- Education and Science
Does DEPRESSION have any BENEFIT??
Is DEPRESSION Really an ENEMY??
One of my clients today sat sadly curled in a fetal position. Tears flowed. Blame. Rage. Betrayal. Confusion. Disbelief. Fleeting suicidal thoughts followed by momentary murderous thoughts. Fight or flight. Total senselessness. Total groundlessness. Exhaustion. Most of these, right now in the acute phase, will pass by afternoon's end. Shortly thereafter, depression may follow. It wouldn't be unexpected. Or unreasonable.
Much has been written about depression, its causes, its different forms, wonderful holistic cures, conscious compassionate talking-therapies, hypnotism and amazing medicines. I have been down the Dark Alley myself many times and am grateful for ALL the resources available.
There is less written about the BENEFITS of DEPRESSION. My client blows her nose, drinks some filtered water and reaches for a piece of dark chocolate. It is too soon, the pain too raw to embrace the benefits of depression with her today. Yet under her puffy eyes and running mascara I see the value it could have in her life. And I reflect on the value it has had in mine.
As an Artist, and a Life Skills Coach (1), it took me years to appreciate the intensity, hue and variation of all the colors on my palette. Sapphire blue, daffodil yellow, emerald green, and poppy red caught, and held captive, my dancing eyes. I had no time, or interest, in the browns and grays. They were not "happy" or "energetic" but dreary and depressing.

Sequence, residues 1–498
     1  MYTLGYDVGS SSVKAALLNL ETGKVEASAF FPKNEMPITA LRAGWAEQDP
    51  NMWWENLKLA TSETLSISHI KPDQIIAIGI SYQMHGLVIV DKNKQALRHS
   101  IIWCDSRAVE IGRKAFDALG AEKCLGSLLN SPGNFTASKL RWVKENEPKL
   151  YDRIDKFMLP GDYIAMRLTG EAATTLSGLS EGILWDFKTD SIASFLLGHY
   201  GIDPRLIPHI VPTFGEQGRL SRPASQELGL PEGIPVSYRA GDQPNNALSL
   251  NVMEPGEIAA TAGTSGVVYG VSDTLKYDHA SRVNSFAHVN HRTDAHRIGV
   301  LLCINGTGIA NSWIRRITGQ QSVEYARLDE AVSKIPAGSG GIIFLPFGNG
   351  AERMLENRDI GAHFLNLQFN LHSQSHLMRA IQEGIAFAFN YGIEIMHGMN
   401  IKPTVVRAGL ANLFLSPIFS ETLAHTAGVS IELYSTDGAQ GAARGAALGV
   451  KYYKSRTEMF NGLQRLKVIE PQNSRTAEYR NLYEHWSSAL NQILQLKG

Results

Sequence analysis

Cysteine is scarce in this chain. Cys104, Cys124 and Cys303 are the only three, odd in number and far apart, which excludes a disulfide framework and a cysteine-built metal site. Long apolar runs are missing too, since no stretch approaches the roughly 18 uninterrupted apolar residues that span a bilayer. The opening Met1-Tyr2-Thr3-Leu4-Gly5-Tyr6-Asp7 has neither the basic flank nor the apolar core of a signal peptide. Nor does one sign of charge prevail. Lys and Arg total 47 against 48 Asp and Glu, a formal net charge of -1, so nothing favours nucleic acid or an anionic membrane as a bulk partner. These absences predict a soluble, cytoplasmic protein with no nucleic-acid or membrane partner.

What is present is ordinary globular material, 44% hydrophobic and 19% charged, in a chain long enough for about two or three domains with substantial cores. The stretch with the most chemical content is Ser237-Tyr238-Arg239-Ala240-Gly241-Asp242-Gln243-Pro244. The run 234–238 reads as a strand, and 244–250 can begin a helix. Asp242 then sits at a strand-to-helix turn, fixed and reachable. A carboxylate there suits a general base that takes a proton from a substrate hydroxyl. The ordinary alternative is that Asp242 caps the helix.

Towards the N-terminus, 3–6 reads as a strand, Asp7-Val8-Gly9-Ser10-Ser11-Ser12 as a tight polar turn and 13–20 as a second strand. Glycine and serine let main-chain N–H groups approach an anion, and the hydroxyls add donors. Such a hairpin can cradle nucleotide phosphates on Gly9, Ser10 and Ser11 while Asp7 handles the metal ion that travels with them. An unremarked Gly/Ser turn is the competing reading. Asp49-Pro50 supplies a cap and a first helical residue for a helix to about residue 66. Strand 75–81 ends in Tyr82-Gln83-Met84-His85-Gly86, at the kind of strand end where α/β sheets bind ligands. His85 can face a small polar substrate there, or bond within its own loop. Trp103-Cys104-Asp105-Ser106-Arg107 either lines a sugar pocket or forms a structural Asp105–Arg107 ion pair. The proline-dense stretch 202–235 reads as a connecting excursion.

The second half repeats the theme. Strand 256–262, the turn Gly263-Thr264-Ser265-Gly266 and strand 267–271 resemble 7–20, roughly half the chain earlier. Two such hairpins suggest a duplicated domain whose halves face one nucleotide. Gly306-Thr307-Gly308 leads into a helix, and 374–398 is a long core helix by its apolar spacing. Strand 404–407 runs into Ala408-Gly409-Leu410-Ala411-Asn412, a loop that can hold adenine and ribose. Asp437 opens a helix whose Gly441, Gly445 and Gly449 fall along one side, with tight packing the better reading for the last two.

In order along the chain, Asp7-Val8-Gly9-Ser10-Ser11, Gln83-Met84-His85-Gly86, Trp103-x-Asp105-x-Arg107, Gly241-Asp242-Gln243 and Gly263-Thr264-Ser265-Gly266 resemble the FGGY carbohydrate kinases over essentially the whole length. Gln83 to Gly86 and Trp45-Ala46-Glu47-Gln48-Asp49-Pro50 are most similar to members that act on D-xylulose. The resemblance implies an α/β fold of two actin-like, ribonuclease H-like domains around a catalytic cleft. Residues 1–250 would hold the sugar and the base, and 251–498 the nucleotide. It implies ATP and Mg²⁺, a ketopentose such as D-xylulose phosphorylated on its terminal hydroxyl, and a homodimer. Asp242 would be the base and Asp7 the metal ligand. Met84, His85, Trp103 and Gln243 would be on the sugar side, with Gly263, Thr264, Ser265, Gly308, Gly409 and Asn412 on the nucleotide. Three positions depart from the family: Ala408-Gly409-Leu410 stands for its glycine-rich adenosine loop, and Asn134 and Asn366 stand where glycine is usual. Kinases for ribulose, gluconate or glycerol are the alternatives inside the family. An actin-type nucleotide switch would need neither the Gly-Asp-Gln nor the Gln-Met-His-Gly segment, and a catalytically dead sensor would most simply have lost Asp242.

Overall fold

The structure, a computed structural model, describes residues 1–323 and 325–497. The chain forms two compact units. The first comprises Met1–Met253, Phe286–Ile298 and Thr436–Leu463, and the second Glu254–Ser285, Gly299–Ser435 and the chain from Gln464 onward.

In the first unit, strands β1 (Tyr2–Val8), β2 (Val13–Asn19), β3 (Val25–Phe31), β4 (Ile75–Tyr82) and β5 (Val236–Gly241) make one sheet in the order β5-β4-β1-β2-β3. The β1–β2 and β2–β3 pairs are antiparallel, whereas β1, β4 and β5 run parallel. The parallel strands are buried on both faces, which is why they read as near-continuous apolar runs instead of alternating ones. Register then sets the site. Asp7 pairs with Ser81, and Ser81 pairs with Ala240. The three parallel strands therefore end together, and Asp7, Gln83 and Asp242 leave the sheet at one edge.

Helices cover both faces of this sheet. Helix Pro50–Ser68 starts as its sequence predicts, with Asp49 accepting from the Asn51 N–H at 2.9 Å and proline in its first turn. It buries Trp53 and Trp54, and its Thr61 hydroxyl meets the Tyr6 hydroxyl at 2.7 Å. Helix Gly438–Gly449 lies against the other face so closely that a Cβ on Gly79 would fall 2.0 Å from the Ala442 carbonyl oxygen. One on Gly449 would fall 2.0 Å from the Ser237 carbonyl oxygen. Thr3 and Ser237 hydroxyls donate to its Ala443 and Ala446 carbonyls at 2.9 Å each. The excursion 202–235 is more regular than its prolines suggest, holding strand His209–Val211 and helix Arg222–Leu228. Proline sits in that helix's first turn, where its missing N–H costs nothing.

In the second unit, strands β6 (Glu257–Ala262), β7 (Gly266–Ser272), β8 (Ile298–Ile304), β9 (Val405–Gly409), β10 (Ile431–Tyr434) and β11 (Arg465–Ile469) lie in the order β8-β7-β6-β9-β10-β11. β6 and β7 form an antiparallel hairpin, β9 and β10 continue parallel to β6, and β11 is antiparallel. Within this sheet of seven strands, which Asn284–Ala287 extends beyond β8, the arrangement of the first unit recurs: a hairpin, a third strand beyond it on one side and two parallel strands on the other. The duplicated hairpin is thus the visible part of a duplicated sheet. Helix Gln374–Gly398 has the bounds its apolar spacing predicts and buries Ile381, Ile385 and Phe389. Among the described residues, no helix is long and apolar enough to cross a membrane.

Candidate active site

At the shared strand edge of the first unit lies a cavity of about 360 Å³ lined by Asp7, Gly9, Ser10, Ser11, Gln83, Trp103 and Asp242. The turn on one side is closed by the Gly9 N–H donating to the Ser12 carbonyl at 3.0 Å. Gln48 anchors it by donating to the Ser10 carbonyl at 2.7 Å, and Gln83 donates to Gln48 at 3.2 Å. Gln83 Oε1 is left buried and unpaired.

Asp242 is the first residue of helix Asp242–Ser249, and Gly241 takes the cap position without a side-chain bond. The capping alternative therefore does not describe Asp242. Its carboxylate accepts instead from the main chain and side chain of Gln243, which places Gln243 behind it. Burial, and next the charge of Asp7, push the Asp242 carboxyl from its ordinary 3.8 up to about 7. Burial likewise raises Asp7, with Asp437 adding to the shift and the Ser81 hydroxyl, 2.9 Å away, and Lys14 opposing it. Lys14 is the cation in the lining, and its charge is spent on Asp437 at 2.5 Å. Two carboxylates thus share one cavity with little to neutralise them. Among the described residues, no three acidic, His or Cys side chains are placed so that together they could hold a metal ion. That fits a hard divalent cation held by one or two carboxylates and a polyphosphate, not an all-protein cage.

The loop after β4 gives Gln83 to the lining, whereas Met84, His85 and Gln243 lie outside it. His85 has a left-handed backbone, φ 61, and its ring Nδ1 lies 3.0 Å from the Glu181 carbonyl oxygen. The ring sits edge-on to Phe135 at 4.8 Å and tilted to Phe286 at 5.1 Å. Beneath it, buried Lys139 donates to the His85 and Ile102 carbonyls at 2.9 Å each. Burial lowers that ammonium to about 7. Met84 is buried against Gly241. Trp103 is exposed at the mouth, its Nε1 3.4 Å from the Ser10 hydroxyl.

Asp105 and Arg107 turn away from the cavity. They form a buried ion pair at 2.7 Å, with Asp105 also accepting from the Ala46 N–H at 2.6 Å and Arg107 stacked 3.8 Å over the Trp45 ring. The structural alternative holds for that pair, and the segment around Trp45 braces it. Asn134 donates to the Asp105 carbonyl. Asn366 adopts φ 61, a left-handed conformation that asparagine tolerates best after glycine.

In looking back I see my preferences somewhat mirror the society in which I live. Sunny California where everyone is tan and fit and lovely, drive bright shiny cars and live in houses with lots of windows, hot pink is/was the new black and everything drips with bling-bling. Born and raised in this environment, I managed to fit right in.
But what happens when the biggest, brightest, most popular does not provide the kind of comfort and security that motivated the journey to begin with?? The mirror has two sides and if all the shiny is on one side, there is going to be some dullness on the other. If we unconsciously (or consciously) seal ourselves against the darker parts of life, we will see illness, loss and depression as an enemy.
WILL I EVER BE THE SAME??
My client, rung out and exhausted, clutching a large furry pillow, looks to me with big round questioning eyes. "Will I ever be the same?" she asks genuinely.
I wait a moment while holding her gaze. "No," I say quietly, slowly, "you won't ever be the same." I let her sit with this thought. She stares out the window not really seeing what is before her.
This client, like me so many years ago, bought into our culture's value system (or lack thereof) without much independent evaluation. It starts at birth with our own parents often doing the same. We think we are "living" when really so much of what we do is "follow conditioning:" grow up, go to school, fall in love, get a car, get heartbroken, go to college, get a job, get an apartment, get married, get a house, have a baby, etc. (2) We believe in "happy all the time." (3) The formula leaves little room for infidelity, birth-defects, cancer, bankruptcy, war, death, etc. We somehow believe that if we follow the script we will be spared the pain of being thrown off balance by life‘s darker underbelly.
Casual conversations often include references to "balance" in life. The feeling of having none, the desire to have more, or the exasperation of trying to hold onto it. Deeper reflection often uncovers how little understanding of balance we really have. If we did, we wouldn't fight depression so much; we would accept it as part of the symmetry of life.